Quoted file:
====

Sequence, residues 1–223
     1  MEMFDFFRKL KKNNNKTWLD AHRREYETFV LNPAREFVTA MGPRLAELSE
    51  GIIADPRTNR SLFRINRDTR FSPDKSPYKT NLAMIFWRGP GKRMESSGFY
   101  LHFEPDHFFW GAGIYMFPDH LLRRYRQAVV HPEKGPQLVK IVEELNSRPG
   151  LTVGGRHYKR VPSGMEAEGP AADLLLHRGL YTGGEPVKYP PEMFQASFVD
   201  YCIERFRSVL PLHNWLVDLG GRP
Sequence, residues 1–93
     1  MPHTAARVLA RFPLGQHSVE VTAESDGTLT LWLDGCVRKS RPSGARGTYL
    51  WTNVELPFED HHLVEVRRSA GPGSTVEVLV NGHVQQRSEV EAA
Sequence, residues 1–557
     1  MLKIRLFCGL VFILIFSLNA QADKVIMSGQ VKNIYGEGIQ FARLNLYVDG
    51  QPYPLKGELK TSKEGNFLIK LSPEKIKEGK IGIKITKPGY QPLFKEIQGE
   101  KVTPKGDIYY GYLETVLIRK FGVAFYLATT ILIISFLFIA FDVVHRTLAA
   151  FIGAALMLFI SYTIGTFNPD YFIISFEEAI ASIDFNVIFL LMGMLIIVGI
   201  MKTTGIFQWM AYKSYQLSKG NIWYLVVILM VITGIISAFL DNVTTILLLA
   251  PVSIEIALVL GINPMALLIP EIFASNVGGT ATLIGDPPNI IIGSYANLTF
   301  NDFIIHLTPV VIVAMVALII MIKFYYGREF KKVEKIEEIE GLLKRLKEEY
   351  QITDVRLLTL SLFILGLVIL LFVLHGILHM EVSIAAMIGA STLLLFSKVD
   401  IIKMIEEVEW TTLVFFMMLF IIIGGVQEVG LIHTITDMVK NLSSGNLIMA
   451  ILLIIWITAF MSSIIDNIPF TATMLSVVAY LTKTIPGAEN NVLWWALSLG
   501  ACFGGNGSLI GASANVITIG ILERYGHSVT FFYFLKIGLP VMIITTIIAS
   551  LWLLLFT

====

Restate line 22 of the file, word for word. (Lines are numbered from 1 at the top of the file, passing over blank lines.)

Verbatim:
   551  LWLLLFT